—Publisher’s Weekly 



North’s achievement, which is significant in contemporary poetry, is to be open to the endless range of life and to be so by using such a relaxed lyric line.  North’s great appeal, and art, may lie in how gracefully he fuses complexity into the warmth of his everyday conversational idiom.  

—Thomas Devaney, Philadelphia Inquirer 


The business of examining exactly what one means is central to North’s concept of the role of the poet, and he is especially alert to the way particulars and ideas interact in our constructions of meaning…. [His] poetry is fashioned out of the multiple equations it establishes between aesthetic and existential dilemmas… The urge to hold out ‘particulars’ to the reader is mediated through an alert, sophisticated consciousness insistently aware of convention and genre.  

—Mark Ford, PN Review (UK)


Cadenza continues [North’s] pursuit of what poetry can be.  His poems are improbable and wholehearted engagements of a man’s imagination with life and language, which, here, are presented as harmonious entities. His work displays a particular ability to turn on a dime, yet also allows a beautiful poem such as “Romantic Note” to remain that.  There’s nothing fussy here, just freestanding poems of original and exhilarating character.

—William Corbett, The Boston Phoenix 


In Cadenza  he moves in, around, and about everyday life with an improvisatory élan that soon becomes an almost familiar tune, sung to the friend you become every time you lend an ear.  The direction is true North; the vintage just right.

—Charles Bernstein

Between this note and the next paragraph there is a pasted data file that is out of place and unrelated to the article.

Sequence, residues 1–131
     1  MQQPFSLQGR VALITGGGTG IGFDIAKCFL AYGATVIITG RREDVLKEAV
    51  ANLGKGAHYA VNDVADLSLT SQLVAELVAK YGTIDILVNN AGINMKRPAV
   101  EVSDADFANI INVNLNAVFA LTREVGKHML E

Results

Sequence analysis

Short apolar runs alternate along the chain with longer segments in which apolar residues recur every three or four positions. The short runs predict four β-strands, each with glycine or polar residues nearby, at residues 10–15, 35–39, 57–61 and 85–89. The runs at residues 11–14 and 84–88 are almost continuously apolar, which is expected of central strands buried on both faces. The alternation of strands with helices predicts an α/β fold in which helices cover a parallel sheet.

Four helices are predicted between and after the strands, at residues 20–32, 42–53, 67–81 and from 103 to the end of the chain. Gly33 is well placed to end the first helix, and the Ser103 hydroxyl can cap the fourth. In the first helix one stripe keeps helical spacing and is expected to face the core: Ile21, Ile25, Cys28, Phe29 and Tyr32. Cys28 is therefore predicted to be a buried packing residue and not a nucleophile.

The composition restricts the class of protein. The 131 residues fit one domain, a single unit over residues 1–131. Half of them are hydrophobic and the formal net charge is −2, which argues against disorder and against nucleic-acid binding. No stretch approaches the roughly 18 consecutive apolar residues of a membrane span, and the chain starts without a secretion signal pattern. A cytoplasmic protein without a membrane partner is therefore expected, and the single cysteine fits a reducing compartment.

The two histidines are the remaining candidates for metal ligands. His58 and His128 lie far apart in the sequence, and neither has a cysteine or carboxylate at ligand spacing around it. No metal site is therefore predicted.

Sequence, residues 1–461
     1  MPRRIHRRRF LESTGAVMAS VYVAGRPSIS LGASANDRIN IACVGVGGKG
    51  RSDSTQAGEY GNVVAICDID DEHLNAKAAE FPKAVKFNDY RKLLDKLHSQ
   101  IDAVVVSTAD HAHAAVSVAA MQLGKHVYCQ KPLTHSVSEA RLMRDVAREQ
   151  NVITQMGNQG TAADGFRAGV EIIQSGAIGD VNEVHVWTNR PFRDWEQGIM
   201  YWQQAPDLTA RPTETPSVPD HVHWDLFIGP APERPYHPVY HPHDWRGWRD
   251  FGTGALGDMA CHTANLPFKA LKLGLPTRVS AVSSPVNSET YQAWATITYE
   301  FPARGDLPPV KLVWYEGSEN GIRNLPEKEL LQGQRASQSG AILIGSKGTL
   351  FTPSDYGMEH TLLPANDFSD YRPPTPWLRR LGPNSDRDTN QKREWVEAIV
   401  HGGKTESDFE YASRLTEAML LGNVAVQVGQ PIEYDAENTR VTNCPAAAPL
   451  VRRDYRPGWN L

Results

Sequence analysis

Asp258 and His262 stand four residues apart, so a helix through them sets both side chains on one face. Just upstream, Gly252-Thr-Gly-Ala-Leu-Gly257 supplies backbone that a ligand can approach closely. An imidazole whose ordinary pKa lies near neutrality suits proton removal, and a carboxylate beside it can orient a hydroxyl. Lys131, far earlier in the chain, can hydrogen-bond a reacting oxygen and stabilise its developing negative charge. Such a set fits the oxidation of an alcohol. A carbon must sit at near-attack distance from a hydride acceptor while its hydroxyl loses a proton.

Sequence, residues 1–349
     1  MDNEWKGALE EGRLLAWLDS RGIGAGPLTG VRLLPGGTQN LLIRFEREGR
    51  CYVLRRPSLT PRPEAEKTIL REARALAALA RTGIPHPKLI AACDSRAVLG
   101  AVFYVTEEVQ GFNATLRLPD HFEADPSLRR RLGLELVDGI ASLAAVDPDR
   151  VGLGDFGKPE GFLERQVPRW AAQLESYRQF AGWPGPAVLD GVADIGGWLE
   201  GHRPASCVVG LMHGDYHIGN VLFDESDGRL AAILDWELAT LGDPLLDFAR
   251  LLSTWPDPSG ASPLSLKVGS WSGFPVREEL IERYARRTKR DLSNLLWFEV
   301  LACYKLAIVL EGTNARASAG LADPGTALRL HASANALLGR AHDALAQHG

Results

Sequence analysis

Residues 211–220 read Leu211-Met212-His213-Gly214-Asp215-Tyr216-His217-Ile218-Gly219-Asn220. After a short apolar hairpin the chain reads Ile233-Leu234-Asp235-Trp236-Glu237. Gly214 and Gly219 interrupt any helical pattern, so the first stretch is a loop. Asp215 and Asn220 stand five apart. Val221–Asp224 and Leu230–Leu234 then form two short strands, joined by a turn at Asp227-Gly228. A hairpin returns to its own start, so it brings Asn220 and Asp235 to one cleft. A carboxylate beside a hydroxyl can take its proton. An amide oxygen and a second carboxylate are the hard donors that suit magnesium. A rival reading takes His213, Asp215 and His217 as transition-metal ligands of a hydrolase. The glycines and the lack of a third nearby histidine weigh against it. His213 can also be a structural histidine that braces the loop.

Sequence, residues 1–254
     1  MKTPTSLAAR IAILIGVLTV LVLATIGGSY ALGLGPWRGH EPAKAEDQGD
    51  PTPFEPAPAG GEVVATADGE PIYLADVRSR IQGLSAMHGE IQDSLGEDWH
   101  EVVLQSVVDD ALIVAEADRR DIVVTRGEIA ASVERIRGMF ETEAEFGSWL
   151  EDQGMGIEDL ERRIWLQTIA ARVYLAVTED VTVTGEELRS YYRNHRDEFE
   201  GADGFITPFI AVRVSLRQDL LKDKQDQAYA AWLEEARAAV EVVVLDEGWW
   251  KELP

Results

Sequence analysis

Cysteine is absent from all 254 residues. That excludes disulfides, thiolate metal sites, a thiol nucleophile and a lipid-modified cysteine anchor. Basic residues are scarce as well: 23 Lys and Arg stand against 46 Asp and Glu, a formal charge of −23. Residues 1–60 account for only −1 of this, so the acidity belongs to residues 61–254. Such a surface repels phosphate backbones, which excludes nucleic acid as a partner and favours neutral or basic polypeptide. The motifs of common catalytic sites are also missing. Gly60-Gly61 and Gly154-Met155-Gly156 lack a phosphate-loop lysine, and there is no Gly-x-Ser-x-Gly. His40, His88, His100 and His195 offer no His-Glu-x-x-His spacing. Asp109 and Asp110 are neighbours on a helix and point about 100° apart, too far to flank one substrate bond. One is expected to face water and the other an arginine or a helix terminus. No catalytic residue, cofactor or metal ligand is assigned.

The master of multitasking—all experience open to him at every moment—as well as a master tout court.  He belongs on the summit of our American Parnassus.

—Harry Mathews 


The book's title poem is one of the great longer poems of the last decade. Akin to Ashbery's "The Skaters" in that it's a kind of entry into North's poetry. It's indeed a cadenza—"an elaborate flourish or showy solo passage, sometimes improvised, introduced near the end of an aria or a movement of a concerto." Except that it's the first poem in the book, so we already know we're in for something different. It's a discourse that opens up the fluid passage between the reader and the book, an argument for a certain approach to the creation and evaluation of art that still seems to be largely dismissed. Like Ashbery's poetry, it puts the classical and the contemporary on the same plane.

—Michael Schiavo, The Best American Poetry website



These witty and innovative poems set us up to notice more and more about the relationships between things….The readers play as well when reading these poems, finding exciting connections and associations through the trope of the book.  The drawings by Paula North scattered throughout add to the playful depth of the collection.

—Journal of the Academy of American Poets, vol. 37 (Fall 2009)


North’s not only invent’d a form, he’s invent’d a form capable of containing the whole ballgame.  One late (1997) lineup titled “A Midwinter Lineup” and construct’d of quotations—some lengthy—is convincing enough on that score.  Catching, and batting eighth, is Gertrude Stein’s “I like a view but I like to sit with my back turned to it.”  Perfect!  And at third base, batting sixth, is Arthur Cravan’s “To think that, given that we exist, we do not laugh continuously.”  (Which is delightful exactly the way North’s Complete Lineups is.)

—John Latta, Isola-di-Rifiuti blogspot